A massive nationwide computer outage on Wednesday prevented the National Weather Service from distributing important warnings and other basic information to pilots, boaters, and the public, according to an internal document obtained by NBC 5.
The outage did not prevent any warnings from being issued in North Texas because no storms were in the area at the time.
But it was a different story in the central United States, where severe storms were rolling across parts of Minnesota, Wisconsin, Iowa, Kansas, Missouri, Illinois and Indiana, resulting in “widespread media and partner confusion about the warnings and products not being received,” the report said.
Other information including radar data and river levels did not go out.
In some cases, forecasters used Twitter and Facebook accounts to disseminate information about severe storms.
A statement from the National Weather Service said the outage started at 9:30 a.m. Wednesday and lasted four hours.
“The National Weather Service is in the process of executing network and infrastructure upgrades that will reduce the likelihood of a similar outage in the future,” the statement said.
A spokeswoman did not immediately respond to questions about the cause of the outage or how common such problems are.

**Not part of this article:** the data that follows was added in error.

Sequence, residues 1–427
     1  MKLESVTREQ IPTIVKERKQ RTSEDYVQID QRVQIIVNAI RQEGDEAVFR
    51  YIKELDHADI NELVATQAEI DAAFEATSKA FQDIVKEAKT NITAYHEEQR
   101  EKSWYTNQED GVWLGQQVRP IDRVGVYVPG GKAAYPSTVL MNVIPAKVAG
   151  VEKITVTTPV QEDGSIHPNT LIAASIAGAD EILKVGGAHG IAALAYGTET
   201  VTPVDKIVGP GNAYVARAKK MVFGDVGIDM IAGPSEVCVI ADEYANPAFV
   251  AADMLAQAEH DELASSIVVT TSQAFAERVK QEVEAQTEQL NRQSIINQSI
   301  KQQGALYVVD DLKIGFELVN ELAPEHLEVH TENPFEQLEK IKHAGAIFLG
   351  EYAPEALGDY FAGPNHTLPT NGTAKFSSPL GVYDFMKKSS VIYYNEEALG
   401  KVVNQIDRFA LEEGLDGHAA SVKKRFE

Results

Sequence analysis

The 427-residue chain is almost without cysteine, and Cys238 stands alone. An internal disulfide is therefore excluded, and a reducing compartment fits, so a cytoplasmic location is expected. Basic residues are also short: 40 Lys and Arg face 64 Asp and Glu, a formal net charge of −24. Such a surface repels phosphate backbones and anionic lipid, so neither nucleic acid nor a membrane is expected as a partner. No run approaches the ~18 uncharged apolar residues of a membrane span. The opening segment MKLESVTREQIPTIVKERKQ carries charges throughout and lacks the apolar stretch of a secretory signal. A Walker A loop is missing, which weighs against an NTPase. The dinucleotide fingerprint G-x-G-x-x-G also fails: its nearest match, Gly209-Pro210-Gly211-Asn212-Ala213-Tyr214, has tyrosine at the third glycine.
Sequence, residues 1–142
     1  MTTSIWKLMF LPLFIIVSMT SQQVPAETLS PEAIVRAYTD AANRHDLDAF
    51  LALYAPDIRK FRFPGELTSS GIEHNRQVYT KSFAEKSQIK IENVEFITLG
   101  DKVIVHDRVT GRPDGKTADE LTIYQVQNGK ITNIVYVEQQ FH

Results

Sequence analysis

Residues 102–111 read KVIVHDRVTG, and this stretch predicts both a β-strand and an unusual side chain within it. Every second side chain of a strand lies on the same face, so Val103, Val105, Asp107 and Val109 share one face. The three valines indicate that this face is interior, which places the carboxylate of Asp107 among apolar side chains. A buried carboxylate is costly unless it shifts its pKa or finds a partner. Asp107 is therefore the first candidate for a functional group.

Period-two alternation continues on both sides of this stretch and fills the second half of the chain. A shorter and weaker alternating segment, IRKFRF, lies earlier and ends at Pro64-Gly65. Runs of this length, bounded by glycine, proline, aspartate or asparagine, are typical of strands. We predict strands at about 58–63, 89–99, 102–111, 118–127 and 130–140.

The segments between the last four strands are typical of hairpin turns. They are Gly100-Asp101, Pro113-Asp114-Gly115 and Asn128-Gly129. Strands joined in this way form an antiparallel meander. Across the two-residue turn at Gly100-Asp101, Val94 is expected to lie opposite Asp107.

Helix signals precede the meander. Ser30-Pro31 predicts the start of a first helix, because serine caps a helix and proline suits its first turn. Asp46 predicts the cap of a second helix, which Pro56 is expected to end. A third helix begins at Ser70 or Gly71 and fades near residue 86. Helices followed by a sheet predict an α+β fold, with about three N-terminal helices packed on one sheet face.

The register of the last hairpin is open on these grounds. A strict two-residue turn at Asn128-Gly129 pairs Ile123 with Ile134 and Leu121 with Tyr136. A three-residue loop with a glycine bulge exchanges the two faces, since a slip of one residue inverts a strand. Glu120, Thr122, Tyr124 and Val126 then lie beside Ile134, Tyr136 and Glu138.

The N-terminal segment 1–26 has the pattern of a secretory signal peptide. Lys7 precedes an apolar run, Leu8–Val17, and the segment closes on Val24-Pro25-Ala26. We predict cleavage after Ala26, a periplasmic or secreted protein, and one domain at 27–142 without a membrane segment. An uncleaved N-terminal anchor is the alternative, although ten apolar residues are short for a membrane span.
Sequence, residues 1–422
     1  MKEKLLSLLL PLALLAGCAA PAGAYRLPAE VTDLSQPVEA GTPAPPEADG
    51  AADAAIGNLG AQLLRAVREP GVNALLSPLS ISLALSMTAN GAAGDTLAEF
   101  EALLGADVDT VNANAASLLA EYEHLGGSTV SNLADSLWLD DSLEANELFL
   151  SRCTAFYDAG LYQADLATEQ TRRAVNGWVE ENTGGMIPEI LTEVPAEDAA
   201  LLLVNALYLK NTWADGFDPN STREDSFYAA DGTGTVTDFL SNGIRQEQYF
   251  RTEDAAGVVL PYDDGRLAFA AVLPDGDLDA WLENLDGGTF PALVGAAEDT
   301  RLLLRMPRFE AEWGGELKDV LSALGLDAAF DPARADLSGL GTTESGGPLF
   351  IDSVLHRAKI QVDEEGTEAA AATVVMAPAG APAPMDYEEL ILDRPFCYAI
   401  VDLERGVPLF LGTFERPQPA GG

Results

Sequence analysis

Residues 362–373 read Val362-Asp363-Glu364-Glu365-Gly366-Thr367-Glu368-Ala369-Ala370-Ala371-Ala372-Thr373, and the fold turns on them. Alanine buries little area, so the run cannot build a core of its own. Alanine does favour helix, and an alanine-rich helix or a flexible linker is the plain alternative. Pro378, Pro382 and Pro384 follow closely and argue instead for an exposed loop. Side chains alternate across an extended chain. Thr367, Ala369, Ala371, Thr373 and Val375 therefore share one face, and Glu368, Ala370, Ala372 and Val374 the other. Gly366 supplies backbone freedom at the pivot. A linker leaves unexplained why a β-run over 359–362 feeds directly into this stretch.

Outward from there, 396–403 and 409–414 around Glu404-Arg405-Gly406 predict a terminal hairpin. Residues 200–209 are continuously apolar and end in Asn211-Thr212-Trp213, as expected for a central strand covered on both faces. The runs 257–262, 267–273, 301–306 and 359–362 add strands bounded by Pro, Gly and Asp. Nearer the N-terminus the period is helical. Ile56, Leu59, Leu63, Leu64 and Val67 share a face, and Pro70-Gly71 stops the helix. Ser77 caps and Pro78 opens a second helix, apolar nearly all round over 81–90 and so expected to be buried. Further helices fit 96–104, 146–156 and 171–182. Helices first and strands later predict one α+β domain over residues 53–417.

Some of the most serious issues came in Missouri as a line of thunderstorms rolled through, producing winds of up to 70 miles per hour.
“Most of the warnings issued for the KC metro were not received by outside users which resulted in significant impacts to our office and to other partners,” the report said.
In New York, air traffic controllers noticed they were not getting updates.
“Workarounds include increased phone coordination,” the report said.
In Louisville, pilots did not receive the latest weather information.
“Louisville airport is a major hub for UPS, which delivers Amazon packages, and with Amazon Prime day yesterday this is going to be an unusually high-volume night for them,” the report noted.
The outage affected National Weather Service offices from Pago Pago, American Samoa, to Anchorage, Alaska.
In Anchorage, for example, information about ice were missing from the service’s website.
Dyess Air Force Base in Abilene “called to report they could not see their (radar) data,” the report said.
During the outage, watches and warnings still were available on weather radios and the website weather.gov, the service said.